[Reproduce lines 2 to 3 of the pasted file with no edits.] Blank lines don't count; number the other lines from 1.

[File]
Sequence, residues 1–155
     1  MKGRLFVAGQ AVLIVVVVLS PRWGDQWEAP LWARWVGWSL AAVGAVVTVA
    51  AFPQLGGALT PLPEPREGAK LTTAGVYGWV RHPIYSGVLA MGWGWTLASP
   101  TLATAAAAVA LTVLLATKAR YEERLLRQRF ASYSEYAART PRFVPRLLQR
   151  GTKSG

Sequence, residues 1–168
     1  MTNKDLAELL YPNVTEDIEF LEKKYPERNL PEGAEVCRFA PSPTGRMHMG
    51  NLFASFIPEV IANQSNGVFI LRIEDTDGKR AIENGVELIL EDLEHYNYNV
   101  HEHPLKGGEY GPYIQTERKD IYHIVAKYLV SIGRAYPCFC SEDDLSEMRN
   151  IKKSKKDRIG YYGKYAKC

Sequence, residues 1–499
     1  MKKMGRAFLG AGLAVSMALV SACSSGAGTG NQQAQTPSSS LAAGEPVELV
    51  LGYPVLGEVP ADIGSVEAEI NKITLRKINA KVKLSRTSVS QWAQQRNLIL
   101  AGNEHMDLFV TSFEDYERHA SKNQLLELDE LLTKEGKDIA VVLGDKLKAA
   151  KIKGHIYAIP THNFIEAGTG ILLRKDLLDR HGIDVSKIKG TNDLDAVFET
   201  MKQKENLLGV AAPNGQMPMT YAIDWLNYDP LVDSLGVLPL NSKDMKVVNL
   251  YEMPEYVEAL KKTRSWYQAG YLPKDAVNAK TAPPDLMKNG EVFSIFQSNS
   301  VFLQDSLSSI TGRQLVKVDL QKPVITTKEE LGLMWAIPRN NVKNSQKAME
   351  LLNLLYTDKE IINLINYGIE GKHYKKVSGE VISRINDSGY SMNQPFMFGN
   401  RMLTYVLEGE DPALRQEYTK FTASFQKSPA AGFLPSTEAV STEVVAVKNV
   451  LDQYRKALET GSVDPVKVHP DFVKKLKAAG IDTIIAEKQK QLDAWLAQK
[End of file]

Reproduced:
     1  MKGRLFVAGQ AVLIVVVVLS PRWGDQWEAP LWARWVGWSL AAVGAVVTVA
    51  AFPQLGGALT PLPEPREGAK LTTAGVYGWV RHPIYSGVLA MGWGWTLASP